Monday, 2 May 2011

Osama Bin Laden's Compound in Abbottabad Has Tourist Destination Potential

Last night, when President Barack Obama announced the killing of terrorist al Qaeda leader Osama bin Laden, history was made at the same time as a town in Pakistan lost its innocence. Abbottabad was named by Barack as the place in which bin Laden had made his mansion hideout home. He wasn't in caves, he wasn't in Afghanistan, and he wasn't going to escape this time. A recently built home, surrounded by walls and within an affluent community, was where the last stand between Osama and the USA took place, with the US' Navy SEALS emerging victorious in under 40 minutes of covert operations.
As such, Abbottabad is today the center of much curiosity; it's even been trending on Twitter all night thanks to Abbottabad-based Twitter user Sohaib Athar@ReallyVirtual—who lives in the town and who unknowingly live-tweeted the mission several days ago, hearing as he did helicopters overhead and bursts. Sohaib moved to the relative calm of Abbottabad to work on his IT business and escape the fighting in Lehore, Pakistan. This isn't all that extraordinary, since Abbottabad is a huge tourist destination; in fact it is considered one of the most beautiful cities in Pakistan.

Sohaib's TwitPic of a main road, pretty empty because of roadblocks
If you zoom in on Google Maps, you can get almost near enough to taking a virtual walk around town. Aside from the Arabic names on almost everything and the lack of big-box retail stores, Abbottabad could be a town in California. Tourists love it for its mountain views, attractions (a swinging bridge and cricket stadium!), cooler temperatures when the rest of the country is sizzling, and its location on the Karakoram Highway, which follows the ancient path of the Silk Road. Many, many schools and colleges are located here, as is the Pakistan Military Academy.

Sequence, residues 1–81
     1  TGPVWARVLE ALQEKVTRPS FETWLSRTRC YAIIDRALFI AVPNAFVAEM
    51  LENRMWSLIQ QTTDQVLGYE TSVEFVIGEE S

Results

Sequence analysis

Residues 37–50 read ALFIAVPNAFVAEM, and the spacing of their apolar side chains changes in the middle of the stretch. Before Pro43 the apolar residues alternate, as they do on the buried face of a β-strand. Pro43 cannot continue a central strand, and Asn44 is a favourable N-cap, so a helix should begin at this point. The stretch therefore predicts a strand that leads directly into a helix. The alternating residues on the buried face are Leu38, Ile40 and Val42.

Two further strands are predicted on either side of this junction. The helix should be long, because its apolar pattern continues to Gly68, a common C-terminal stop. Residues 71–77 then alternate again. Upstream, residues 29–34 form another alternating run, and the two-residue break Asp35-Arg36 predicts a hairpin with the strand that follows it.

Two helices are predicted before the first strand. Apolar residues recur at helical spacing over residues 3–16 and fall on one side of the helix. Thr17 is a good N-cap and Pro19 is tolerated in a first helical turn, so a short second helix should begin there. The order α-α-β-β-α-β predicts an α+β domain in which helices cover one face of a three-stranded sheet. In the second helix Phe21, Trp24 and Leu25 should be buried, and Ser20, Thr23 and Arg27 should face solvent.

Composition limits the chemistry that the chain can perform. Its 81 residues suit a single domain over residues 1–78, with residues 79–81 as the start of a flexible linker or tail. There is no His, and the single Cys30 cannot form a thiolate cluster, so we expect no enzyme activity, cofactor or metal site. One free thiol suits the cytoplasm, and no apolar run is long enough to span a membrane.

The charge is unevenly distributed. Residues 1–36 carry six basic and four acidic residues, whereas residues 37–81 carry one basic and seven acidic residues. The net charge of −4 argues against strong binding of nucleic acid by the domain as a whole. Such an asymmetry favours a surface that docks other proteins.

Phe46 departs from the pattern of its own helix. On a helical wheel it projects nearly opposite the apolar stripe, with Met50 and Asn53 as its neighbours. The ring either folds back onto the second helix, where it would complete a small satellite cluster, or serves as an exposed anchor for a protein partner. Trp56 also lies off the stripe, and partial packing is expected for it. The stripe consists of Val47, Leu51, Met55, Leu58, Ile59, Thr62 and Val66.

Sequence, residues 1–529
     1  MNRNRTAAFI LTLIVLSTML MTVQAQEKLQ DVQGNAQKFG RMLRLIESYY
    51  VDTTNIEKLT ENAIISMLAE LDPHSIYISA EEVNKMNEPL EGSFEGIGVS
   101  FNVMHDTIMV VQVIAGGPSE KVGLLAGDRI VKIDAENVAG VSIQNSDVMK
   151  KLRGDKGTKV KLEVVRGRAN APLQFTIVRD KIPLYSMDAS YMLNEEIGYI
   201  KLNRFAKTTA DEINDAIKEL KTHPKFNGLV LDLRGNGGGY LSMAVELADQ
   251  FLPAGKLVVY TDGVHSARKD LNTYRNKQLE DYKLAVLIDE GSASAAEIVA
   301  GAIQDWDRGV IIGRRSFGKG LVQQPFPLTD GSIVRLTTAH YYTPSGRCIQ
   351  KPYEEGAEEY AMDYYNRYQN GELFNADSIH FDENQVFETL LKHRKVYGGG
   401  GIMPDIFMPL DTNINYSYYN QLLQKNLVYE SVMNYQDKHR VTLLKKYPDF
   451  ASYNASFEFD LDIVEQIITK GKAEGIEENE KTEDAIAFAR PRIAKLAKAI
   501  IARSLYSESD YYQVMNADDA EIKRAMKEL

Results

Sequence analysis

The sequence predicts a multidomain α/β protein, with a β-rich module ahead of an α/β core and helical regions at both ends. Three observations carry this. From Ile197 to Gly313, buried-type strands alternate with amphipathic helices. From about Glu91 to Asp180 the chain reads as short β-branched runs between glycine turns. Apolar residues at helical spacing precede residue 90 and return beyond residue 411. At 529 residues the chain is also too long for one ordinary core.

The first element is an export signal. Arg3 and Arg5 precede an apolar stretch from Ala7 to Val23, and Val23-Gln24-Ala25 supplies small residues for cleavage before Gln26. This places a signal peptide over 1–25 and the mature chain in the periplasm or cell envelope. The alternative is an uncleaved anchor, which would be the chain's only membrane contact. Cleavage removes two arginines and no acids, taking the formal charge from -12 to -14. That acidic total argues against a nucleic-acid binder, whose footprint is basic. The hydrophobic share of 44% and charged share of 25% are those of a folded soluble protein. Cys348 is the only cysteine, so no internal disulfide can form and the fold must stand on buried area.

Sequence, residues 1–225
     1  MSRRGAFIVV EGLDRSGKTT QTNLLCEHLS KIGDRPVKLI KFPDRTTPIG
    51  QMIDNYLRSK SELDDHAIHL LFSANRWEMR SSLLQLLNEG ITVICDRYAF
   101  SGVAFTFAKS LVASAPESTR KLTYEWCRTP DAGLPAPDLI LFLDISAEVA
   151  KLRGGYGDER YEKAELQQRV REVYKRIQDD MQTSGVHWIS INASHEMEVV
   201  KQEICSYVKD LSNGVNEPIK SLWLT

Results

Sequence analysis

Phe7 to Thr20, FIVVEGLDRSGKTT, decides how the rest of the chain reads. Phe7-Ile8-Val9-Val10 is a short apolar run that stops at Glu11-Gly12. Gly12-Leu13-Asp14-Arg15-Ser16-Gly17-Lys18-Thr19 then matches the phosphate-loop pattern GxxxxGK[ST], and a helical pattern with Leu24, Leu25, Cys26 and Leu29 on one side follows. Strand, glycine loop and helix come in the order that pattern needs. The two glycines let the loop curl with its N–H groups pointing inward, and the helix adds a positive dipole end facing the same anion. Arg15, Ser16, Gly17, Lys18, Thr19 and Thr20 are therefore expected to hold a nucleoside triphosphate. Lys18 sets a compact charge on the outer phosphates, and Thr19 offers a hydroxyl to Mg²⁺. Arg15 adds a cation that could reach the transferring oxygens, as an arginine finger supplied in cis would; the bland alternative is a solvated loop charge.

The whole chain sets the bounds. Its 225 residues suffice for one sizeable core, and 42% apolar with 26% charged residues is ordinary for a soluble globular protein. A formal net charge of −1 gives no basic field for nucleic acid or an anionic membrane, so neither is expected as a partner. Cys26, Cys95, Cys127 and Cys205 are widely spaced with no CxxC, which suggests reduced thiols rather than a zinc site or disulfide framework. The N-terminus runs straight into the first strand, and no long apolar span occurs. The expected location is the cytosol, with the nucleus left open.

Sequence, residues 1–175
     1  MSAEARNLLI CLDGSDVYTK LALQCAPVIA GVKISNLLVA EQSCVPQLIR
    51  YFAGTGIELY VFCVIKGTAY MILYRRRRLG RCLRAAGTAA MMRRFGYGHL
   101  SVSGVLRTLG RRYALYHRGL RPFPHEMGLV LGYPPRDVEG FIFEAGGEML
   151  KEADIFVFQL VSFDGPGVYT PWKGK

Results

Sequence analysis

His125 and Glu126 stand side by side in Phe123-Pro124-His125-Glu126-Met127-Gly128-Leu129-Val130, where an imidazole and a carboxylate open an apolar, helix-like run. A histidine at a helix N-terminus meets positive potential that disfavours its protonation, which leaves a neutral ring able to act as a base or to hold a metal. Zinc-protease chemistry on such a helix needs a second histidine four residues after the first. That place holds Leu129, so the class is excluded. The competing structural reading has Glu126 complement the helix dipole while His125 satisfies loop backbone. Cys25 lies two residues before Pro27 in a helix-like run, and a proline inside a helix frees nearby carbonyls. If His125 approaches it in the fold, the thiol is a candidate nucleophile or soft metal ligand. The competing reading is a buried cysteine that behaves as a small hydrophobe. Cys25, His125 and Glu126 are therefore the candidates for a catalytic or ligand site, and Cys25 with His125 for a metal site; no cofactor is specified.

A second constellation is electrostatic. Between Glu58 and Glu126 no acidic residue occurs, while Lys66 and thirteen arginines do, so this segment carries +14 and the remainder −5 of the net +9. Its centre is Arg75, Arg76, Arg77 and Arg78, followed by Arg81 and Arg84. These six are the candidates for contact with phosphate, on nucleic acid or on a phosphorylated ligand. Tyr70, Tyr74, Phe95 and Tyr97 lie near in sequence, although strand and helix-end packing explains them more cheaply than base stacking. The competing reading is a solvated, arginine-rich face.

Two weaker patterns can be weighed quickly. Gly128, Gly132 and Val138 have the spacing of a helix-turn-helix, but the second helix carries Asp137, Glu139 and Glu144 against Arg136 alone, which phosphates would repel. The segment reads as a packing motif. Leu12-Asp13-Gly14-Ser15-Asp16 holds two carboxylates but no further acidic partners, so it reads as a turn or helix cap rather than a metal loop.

Here's yet another view of sunny daily life in Abbottabad. It doesn't seem that bad at all, which comes as a huge surprise since most everyone imagined Osama hiding out in some dirty cave without facilities, or maybe a hole in the ground like Saddam Hussein. But no—here he was enjoying his walled house in a tourist city within walking distance of coffee houses and great restaurants also enjoyed by the town's student, affluent and tourist populations.
Now we're left wondering whether or not Abbottabad's tourism will turn to include the site of Osama's compound. The town actually sounds like a pretty great Spring Break alternative right now; a postcard from Abbottabad this month would be highly collectible, after all...

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